The first principle of the Ordinariate is then about Christian unity. St. Basil the Great, the Church’s greatest ecumenist, literally expended his life on the work of building bridges between orthodox brethren who shared a common faith, but who had become separated from one another in a Church badly fragmented by heresy and controversy. He taught that the work of Christian unity requires deliberate and ceaseless effort...St. Basil often talked with yearning about the archaia agape, the ancient love of the apostolic community, so rarely seen in the Church of his day. This love, he taught, is a visible sign that the Holy Spirit is indeed present and active, and it is absolutely essential for the health of the Church.

- Msgr. Jeffrey Steenson, Homily on the Occasion of his Formal Institution as Ordinary

Friday, May 18, 2012

Being a Layman...

Fr. Chori Seraiah writes on his blog The Maccabean:
...As a layman I have noticed that Catholics usually show great respect for their clergy. This is different from what the norm is in many protestant congregations. I have seen protestants who deeply love their pastors; to a point. In other words, they love their pastor until he does something that displeases them. As soon as there is a difference in perspective, then it is common fare for the laity to demonize the offending clergyman. No, this is not a universal practice, but it is common enough where you can generally expect it to occur.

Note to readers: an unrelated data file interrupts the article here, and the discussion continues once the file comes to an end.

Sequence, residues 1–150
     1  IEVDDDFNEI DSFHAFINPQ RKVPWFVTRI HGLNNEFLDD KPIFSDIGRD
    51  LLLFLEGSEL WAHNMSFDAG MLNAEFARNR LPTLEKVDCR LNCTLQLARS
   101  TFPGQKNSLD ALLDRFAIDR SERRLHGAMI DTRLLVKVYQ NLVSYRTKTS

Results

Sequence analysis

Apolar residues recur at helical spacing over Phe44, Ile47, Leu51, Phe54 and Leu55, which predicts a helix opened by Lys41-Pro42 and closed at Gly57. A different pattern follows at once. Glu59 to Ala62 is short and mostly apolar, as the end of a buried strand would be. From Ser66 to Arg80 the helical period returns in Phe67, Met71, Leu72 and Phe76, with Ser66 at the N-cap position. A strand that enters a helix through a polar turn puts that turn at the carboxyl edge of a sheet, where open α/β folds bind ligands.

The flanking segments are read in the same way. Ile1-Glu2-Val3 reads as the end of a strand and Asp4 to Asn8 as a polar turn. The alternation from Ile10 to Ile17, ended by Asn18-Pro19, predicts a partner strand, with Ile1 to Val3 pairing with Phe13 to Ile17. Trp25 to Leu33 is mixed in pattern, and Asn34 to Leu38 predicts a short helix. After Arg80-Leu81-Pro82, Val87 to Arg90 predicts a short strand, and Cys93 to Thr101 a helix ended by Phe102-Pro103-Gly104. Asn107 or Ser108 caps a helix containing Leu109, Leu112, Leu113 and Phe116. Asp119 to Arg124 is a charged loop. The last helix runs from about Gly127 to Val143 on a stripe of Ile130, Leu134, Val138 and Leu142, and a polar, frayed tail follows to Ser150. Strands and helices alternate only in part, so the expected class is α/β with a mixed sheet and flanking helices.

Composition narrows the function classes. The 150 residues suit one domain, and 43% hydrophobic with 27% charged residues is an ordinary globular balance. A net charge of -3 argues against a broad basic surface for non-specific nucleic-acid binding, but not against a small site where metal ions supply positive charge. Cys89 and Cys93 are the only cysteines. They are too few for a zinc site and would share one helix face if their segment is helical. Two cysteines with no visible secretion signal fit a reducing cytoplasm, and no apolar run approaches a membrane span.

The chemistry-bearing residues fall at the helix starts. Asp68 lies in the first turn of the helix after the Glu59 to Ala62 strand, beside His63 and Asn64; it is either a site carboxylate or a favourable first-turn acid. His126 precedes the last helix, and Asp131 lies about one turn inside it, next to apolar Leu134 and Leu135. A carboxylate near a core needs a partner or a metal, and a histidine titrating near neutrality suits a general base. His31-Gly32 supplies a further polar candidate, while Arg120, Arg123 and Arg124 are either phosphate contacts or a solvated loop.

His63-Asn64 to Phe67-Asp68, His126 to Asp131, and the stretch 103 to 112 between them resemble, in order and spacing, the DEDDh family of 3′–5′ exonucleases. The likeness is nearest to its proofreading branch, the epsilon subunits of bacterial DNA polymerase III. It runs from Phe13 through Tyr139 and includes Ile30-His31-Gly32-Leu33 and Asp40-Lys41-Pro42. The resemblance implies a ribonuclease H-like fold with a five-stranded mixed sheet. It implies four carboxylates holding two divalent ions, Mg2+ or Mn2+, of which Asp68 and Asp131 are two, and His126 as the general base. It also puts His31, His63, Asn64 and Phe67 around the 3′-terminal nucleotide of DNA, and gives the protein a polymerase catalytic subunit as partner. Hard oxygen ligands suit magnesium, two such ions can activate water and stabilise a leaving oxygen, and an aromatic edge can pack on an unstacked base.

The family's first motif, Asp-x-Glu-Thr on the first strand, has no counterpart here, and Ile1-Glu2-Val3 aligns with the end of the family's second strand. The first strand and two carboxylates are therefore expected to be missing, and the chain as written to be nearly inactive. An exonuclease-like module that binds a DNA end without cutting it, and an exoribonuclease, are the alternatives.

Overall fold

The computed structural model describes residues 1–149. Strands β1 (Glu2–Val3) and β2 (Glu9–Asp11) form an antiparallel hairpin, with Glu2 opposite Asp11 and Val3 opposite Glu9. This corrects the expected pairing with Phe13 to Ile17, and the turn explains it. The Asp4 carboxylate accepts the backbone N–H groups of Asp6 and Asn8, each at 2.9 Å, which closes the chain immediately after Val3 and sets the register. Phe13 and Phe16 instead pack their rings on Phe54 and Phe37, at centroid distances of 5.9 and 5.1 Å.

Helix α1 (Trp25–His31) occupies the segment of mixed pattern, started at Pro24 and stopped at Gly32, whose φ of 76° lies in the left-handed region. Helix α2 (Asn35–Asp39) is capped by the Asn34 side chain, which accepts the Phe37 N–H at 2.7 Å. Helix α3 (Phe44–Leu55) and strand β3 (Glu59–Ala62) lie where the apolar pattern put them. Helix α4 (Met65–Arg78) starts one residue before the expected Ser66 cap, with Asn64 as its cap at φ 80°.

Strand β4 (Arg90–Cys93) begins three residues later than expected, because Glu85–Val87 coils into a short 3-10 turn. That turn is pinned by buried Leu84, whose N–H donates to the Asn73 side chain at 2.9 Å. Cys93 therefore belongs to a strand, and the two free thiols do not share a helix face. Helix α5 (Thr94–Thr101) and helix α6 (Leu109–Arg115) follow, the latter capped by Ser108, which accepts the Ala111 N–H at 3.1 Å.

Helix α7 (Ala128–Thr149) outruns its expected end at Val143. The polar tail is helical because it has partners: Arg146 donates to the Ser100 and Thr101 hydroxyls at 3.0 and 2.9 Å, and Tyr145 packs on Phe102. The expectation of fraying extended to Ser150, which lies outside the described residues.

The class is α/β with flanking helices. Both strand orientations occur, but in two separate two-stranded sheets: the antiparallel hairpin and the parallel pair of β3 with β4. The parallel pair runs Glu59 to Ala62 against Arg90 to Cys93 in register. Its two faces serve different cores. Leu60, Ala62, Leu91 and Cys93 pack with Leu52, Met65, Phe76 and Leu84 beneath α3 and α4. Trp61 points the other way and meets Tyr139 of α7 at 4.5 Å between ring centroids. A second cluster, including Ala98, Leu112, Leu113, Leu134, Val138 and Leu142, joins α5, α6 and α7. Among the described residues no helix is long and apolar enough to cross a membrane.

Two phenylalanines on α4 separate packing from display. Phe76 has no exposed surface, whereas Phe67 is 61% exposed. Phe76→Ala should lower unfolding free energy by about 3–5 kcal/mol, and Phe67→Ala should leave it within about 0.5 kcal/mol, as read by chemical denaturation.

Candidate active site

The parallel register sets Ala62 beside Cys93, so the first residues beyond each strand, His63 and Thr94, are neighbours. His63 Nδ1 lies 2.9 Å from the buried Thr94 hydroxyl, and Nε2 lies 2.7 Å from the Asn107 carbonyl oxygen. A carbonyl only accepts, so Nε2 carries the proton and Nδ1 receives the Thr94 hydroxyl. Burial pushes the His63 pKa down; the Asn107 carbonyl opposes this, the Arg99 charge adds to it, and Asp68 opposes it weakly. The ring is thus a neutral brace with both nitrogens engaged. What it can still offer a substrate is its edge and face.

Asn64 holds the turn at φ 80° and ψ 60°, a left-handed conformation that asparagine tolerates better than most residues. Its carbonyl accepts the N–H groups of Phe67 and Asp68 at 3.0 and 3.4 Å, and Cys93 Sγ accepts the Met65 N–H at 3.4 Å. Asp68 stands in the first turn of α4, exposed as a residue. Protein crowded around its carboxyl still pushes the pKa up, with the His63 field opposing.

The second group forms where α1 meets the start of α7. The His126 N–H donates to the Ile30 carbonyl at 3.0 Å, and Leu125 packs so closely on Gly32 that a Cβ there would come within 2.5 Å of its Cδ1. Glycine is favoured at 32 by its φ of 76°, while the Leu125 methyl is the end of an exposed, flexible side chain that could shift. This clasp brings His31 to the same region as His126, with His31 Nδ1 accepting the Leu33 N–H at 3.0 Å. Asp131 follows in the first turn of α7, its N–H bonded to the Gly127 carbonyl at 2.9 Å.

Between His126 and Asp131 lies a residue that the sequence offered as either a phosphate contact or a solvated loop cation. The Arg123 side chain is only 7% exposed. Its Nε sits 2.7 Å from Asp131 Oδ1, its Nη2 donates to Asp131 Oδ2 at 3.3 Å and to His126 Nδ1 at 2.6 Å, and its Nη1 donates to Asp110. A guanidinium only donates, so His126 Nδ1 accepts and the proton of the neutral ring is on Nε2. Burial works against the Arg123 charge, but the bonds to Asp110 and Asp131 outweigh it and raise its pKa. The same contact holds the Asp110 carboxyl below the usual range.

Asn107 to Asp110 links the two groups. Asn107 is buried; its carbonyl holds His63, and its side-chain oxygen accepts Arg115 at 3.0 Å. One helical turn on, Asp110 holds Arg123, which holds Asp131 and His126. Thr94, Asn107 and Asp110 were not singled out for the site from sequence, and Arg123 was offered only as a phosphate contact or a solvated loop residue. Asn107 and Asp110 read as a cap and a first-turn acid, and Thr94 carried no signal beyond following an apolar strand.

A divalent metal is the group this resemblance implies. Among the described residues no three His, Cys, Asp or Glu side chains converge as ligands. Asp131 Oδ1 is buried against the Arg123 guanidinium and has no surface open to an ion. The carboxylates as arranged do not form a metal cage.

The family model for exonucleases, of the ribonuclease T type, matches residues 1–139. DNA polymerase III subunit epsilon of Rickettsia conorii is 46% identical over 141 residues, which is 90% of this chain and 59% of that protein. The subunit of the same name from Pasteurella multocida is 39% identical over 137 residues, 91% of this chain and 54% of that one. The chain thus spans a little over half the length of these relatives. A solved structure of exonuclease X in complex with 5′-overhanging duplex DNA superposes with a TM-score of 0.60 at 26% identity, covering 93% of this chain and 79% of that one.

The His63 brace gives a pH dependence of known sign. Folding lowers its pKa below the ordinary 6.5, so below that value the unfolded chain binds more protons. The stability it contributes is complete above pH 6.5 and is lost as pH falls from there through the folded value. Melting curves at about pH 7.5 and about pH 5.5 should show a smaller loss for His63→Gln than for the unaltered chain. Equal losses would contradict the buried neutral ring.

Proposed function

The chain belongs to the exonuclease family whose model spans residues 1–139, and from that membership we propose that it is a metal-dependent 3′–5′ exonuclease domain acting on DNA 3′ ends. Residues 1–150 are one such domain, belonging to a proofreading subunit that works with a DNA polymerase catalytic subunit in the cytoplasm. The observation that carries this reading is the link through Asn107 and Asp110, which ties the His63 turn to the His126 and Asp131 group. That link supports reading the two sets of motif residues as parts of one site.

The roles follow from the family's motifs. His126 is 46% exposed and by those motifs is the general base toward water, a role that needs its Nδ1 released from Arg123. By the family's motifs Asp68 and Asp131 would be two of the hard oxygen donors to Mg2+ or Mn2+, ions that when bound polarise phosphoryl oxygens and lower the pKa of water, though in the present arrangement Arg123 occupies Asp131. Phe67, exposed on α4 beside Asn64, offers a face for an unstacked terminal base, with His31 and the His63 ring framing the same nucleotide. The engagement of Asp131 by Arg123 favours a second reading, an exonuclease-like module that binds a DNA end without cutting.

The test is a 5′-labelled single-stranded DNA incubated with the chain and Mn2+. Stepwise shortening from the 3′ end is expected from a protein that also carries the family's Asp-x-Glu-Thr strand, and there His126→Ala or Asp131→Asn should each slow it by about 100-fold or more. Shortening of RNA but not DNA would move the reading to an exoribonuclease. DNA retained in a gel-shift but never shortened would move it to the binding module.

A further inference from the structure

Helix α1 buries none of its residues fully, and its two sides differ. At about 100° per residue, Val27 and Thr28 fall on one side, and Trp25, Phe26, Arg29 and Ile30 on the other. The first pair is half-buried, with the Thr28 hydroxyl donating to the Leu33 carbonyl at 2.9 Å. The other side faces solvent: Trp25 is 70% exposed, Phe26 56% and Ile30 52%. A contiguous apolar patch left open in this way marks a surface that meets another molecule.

On the other hand, I have seen Catholics who do not really like their priest show him sincere respect. Their attitude seems to be "I may disagree with him, but he's the priest and I'm not". Happy to learn from my brothers and sisters, I have appreciated the various examples that they have given me in how this works itself out in the life of a Catholic parish (they likely did not know that I was observing them, but I am thankful for each and every one of them). The consequence for me is that I have had the chance to think about what it means to live like a layman in the Catholic Church just long enough to appreciate the differences.

What I am getting at is that the waiting time that I had to go through has been wonderful. If I had been an Anglican priest on Thursday, a Catholic layman on Friday, a Catholic Deacon on Saturday and a Catholic Priest on Sunday, there would not be the opportunity to feel the difference. This would have taken away the blessing of being "one of the people" in the parish. I know this is somewhat of a crass comparison, but it makes me think of what it must be like for those who are not virgins when they get married; the transition is minimized. I am certainly thankful for the short amount of time that we are being made to endure this wait, but I am also thankful that it was not shorter....

Read the entire post, part of which was quoted below in Deborah's post.

Hat tip to Fr. Stephen Smuts.

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